Tuesday, June 3, 2008

Conversation: When is a noun not a noun?

On Jun 3, 2008, at 5:50 PM, Staticboy44 wrote:

When we speak about nothing we speak about something because nothing is the idea of something. Otherwise, 'nothing' wouldn't be a noun. And if nothing 'is' and noun and can 'be' a noun, then nothing is a 'something'.

To which I replied:


I agree that an Idea is something, however, it's not quantifiable unless expressed. Even if expressed, an idea generally isn't much. However, that doesn't mean that having an idea or thought about anything that exists or doesn't yet exist makes that thing (real or imagined) any more than what it already was. For example, the idea "rent check" is great, the landlord loves that idea. But the idea is essentially nothing without its extant counterpart. Are you getting this? Things with no force have no ability to bring other things into being, so having an idea about something isn't that same as creating that thing, nor does it mean that the thing that doesn't yet exist always existed. In fact, that idea probably doesn't mean anything.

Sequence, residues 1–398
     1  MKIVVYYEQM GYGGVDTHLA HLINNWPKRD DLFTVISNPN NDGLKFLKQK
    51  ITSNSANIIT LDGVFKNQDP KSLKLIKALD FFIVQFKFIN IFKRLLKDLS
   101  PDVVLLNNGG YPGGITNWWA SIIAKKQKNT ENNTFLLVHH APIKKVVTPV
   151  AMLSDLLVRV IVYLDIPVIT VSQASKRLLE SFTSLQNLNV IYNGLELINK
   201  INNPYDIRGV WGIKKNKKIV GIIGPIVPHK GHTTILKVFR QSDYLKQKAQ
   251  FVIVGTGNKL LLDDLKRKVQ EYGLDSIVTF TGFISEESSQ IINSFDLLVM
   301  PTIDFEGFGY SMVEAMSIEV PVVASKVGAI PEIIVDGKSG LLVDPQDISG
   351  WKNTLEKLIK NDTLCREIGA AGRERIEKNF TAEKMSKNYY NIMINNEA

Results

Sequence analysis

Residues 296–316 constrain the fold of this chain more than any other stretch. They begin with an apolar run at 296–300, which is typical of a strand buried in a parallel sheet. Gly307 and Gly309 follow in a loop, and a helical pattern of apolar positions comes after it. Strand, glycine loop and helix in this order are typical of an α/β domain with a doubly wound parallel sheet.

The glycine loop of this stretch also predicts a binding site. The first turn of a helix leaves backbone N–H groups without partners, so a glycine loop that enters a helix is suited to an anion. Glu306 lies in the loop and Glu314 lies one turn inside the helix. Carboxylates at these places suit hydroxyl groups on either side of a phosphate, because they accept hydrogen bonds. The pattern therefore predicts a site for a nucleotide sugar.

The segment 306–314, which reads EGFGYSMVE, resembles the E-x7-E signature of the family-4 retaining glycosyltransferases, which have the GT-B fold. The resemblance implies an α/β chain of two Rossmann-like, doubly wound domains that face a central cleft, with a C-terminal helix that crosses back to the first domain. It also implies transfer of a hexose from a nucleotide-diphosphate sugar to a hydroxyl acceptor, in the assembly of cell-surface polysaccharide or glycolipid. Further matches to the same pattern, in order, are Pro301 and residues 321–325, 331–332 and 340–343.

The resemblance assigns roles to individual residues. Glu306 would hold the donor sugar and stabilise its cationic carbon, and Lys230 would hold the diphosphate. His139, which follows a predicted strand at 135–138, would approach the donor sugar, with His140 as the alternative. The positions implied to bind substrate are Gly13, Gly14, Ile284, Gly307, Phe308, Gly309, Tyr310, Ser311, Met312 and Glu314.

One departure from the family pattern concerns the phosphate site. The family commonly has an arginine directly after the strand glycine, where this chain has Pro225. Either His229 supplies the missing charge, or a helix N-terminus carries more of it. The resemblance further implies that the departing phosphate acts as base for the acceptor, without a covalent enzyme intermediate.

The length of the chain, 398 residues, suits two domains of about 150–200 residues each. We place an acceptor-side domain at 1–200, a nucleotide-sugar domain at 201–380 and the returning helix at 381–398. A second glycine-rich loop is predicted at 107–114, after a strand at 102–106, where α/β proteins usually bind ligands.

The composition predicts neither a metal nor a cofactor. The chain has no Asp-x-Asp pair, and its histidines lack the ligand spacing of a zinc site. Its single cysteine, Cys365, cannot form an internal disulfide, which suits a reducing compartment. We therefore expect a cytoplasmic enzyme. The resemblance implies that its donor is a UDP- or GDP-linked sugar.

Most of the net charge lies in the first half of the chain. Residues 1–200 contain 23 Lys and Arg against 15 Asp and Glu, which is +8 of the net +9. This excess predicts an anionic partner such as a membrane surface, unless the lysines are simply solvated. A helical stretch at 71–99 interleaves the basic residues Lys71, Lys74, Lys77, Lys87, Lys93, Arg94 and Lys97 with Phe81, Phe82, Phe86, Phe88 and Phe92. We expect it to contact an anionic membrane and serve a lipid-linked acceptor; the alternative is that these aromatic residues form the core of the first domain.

As for your next statement, I can start out by agreeing that the WORD nothing is usually a noun, and there are many contexts in which the word nothing is properly used to signify a state of being, most of these cases are when nothing is used as a numerical equivalent. Examples would be, "there's nothing left!" or "I will harm nothing among your prize winning otter-skin hat collection". Again, those statements are both numerical so they do not refer to "pure nothing". However when used to refer to "pure nothing" the word nothing can be used as an identifier, but not properly as a noun.

Thanks for your linear and overly simplistic comments regarding nothing.

Xymyl (KON)

Top level communication: Nothing is STILL never what you think or even dream "it" "is". Part II

On Jun 2, 2008, at 9:02 PM, Cameron Burns wrote: